And an iPod will never play fetch

THOMAS DE ZENGOTITA, a contributing editor at Harper's Magazine, is the author of "Mediated," which received the 2006 Marshall McLuhan Award for outstanding work in the field of media ecology.

What is it with people and their dogs these days?

There always have been devoted dogs and grateful, loving owners -- or, er, human companions. But something qualitatively new has come over this relationship. If you are older than, say, 35, you can’t miss it. People are looking for a whole lot more in their dogs than they used to. And they’re finding it.

I’m not talking about emotional-support dogs joining seeing-eye dogs on airplanes or the proliferation of dog shrinks, dog parks and dog gyms. These are just expressions of a need that people have come to feel more intensely over the last 20 years, a need that dogs are uniquely equipped to satisfy (cats being, as we all know, different): the need for an innocent relationship.

It’s true that dogs always have been celebrated for their innocence. But the primary meaning of “innocence” was traditionally associated with virtue and vice, candor and deceit, fidelity and treachery. Only secondarily did it connote transparency, by which I mean an utter absence of reflexivity, an absence of self-image. Unlike you and me, dogs never obsess about their appearance or dwell on petty revenge fantasies. They are free from all that.


Nowadays, that second kind of innocence is what people see in their dogs, and it is something in which they invest enormous value for reasons they may only be dimly aware of. The innocence of dogs is contagious, you see. It seeps into your relationship with a dog.

It seeps into you.

What a relief! Because in this mediated age, our lives are saturated with representations that stimulate self-awareness -- with images and descriptions of ourselves, everyone we know and everything that matters to us, everything we were, everything we could be or should be. All the possibilities and actualities of being in the world are constantly before us. Media constitute our environment, from family photos as screensavers to each word and picture on every vertical surface in the city.

“Saturation” is the right word because it implies absorption, and that’s where the effects of mediation take hold. It’s not just the environment. Our minds are stocked with media entities too. Run the numbers. How many “things” in your mind are derived from media compared with, say, your great-grandfather? Ask yourself this: Is there anything you do that remains essentially unmediated, anything you don’t experience reflexively through some representation of it?

Think of all the movies and memoirs, philosophies and techniques, self-help books, blogs, chat rooms, counselors, programs, workshops. Think of all the vocabularies that are generated in these venues and that sweep through the culture, implanting in our grammar the categories we use to process our experience. Ask yourself: If I were to strip away these influences, could I even conceive of my life?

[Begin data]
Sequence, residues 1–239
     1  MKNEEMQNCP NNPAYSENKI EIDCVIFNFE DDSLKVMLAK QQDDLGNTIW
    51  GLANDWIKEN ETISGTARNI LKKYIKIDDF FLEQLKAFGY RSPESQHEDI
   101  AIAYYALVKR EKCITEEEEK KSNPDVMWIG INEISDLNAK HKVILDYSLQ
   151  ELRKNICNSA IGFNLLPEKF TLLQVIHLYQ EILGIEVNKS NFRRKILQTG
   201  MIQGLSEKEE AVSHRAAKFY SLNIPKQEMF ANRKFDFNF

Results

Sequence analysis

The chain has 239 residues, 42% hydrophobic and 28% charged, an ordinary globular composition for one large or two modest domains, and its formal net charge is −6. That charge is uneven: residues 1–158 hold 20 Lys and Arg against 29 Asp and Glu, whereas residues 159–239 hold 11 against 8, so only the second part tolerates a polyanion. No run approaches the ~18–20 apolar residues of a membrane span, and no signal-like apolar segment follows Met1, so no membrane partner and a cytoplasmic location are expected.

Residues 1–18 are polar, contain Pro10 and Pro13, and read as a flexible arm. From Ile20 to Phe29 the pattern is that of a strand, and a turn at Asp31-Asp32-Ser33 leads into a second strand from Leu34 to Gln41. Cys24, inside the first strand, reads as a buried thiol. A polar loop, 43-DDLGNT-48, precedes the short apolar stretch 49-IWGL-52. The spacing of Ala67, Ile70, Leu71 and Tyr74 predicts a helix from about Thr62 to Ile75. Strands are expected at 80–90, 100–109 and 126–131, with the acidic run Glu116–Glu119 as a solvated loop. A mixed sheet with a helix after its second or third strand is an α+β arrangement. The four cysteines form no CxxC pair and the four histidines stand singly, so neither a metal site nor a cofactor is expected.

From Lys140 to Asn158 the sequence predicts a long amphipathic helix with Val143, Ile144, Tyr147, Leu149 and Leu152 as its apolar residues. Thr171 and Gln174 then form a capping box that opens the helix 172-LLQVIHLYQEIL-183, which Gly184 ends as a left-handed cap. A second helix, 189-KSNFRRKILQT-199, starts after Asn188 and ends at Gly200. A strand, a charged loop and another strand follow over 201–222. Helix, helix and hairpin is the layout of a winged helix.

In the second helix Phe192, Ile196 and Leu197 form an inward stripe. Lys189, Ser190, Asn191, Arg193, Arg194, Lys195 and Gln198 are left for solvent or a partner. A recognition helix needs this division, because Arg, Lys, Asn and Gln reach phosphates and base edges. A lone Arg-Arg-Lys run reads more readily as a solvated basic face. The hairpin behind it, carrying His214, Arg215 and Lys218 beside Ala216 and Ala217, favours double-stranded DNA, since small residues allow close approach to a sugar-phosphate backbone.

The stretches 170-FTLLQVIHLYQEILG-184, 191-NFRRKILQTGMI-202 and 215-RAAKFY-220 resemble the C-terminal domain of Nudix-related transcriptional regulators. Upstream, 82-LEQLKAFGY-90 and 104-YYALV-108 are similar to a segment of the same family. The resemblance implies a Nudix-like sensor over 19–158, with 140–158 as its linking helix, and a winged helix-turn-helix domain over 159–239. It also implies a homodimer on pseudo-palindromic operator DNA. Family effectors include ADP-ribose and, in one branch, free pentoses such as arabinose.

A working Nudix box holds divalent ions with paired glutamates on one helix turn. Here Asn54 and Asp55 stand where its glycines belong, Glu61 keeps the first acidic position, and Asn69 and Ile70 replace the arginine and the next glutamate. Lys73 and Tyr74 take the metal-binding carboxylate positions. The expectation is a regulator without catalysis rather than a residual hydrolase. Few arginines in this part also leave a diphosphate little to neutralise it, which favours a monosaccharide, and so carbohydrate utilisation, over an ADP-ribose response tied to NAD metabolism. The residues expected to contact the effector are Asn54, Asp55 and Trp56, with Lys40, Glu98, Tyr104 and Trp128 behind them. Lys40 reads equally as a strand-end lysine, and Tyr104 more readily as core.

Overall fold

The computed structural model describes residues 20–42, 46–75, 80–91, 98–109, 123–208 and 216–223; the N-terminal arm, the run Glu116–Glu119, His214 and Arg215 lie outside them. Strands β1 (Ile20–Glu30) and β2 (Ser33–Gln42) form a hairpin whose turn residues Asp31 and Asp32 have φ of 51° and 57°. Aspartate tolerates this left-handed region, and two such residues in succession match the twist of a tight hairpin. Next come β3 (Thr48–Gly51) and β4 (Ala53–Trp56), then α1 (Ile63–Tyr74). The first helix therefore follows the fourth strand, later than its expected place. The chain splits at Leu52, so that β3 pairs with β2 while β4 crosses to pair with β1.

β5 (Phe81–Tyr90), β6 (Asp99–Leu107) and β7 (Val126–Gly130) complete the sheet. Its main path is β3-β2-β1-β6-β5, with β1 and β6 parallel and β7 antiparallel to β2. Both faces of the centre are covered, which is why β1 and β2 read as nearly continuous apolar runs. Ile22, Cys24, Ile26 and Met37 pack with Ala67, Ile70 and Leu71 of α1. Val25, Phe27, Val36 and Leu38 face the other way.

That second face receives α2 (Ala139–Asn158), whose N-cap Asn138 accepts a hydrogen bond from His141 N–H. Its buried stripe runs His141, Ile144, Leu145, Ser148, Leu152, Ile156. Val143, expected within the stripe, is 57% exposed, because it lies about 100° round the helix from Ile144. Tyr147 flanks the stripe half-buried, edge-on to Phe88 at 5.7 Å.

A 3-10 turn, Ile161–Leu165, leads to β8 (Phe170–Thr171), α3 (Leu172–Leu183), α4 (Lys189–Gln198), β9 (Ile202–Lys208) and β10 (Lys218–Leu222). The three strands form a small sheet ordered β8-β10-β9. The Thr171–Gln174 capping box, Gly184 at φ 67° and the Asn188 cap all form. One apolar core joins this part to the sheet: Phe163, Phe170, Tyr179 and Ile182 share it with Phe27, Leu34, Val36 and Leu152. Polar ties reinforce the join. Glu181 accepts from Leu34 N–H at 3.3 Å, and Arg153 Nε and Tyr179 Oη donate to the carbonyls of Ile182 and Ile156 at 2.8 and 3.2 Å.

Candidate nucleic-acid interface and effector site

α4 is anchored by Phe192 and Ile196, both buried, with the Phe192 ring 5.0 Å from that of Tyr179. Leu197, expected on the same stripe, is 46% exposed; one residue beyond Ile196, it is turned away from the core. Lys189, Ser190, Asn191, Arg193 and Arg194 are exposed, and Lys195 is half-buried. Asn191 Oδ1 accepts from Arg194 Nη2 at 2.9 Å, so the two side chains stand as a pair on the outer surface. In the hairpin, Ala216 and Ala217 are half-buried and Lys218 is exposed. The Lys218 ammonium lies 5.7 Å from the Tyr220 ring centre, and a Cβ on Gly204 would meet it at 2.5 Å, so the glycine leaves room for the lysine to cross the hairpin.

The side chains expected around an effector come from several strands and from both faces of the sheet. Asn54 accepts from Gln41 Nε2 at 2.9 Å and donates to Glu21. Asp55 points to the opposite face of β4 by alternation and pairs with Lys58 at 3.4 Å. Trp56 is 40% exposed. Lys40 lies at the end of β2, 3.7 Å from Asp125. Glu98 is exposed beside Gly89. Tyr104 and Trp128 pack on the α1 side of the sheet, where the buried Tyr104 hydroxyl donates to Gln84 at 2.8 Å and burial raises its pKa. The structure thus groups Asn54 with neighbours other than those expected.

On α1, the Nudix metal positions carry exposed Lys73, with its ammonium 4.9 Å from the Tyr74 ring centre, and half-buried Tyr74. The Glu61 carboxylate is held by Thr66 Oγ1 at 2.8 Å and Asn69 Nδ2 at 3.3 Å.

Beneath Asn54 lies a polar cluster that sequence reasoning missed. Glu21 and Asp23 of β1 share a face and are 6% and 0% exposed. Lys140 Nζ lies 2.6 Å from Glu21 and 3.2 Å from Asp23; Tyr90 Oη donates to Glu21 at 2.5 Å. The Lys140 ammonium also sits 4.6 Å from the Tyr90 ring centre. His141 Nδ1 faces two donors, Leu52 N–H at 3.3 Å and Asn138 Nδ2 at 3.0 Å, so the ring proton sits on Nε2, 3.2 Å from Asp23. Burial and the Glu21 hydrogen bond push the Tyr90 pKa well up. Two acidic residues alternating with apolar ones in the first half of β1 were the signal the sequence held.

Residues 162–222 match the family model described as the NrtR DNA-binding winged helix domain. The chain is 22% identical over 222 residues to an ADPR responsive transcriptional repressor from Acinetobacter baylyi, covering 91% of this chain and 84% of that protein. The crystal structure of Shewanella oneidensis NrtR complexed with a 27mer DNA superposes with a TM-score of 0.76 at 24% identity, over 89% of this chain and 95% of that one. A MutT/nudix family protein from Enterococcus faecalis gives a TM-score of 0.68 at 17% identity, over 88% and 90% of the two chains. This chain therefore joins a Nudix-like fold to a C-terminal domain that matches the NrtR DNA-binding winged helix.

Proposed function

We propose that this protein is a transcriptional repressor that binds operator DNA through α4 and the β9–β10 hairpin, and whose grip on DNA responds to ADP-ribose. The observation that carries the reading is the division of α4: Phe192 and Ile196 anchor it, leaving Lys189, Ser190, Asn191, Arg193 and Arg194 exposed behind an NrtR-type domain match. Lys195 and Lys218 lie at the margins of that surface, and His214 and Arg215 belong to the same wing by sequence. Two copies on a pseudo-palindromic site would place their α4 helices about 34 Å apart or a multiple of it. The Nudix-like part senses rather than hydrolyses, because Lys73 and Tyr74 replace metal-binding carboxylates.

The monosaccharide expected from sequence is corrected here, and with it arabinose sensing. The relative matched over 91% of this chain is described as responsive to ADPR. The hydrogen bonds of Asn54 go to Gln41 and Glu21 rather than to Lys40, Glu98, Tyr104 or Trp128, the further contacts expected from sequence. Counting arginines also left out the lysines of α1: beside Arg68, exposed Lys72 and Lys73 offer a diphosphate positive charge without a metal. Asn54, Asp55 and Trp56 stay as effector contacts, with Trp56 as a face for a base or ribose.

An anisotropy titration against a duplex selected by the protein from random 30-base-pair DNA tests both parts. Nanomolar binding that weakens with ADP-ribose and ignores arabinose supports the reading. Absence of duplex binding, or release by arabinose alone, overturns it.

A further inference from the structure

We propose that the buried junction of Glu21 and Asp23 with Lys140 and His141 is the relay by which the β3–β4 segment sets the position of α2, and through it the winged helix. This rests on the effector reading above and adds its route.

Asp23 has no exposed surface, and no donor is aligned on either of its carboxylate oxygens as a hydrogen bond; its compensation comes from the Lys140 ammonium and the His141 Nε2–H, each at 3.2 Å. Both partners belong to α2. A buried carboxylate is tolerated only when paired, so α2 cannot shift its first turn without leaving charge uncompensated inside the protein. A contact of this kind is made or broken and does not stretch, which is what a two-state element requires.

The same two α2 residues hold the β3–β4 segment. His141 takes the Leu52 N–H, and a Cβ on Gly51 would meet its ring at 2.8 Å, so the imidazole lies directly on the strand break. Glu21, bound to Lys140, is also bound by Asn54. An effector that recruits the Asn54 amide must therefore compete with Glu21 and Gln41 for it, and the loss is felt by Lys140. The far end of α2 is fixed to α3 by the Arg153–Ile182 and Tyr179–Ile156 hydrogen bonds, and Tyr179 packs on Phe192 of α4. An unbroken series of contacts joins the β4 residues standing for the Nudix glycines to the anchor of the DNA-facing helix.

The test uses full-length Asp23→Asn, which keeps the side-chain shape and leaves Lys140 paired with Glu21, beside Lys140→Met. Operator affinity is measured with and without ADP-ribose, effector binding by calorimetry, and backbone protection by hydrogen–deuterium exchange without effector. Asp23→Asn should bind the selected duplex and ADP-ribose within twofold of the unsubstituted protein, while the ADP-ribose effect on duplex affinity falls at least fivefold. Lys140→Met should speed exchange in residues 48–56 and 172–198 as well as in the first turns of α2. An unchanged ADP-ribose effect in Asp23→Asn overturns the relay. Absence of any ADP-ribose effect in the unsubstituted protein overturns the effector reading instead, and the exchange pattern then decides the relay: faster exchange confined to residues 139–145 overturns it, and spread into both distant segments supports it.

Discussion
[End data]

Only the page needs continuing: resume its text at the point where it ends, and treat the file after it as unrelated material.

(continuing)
The answer is no, clearly. Except for the fortunate few -- the dog people. If you are a dog person, you enjoy a significant degree of freedom from all these intruding representations. Not because the forces of mediation leave this aspect of your life alone; they are doing their best to co-opt it -- how long has “Marley & Me” been at the top of bestseller lists?

But these forces can’t really get inside your relationship with your dog. It doesn’t matter how much you read about dogs or chat online about dogs or post photos of your dog on personal pages -- your relationship with your dog could not be mediated even if you wanted it that way.

Why? Because your dog, thank the Lord, can’t participate in the process.


Try this. Try to show your dog a picture of himself. You might as well stick a copy of the Bill of Rights in front of his nose. Your dog doesn’t know what that picture is and doesn’t care -- and, at some level, you are redeemed by his indifference.

Your dog frees you from the relentless reflexivity that otherwise haunts your life in this mediated world. Above and beyond unflagging loyalty and affection, which are the most obvious gifts your dog brings to you; above and beyond the enthusiasm with which your dog greets you, or the way his features suffuse with expectation as -- leashed, perhaps, to a parking meter -- he waits for you to emerge from a store, waits for you and only you. For only you will do. The planet will not be balanced on its axis again until you return to his side.

But then, after a flurry of tail wagging and butt wiggling and ear flattening, how seamlessly your dog settles back into its normal groove, now that the natural order of things has been restored. No recriminations, no grudges, he trots beside you, or strains ahead at the leash -- all in accordance with the inclination of the individual and the breed -- sniffing at this and that, the past wiped away, the slate clean -- and the future doesn’t exist at all.

Your dog is always there in the moment, and you matter absolutely in its eyes. But beyond the simple transaction of affection that has always been essential to people’s relationships with dogs, there’s a new dimension. You cannot help but reciprocate their unconditional loyalty and affection -- and, in so doing, you stumble into innocence yourself.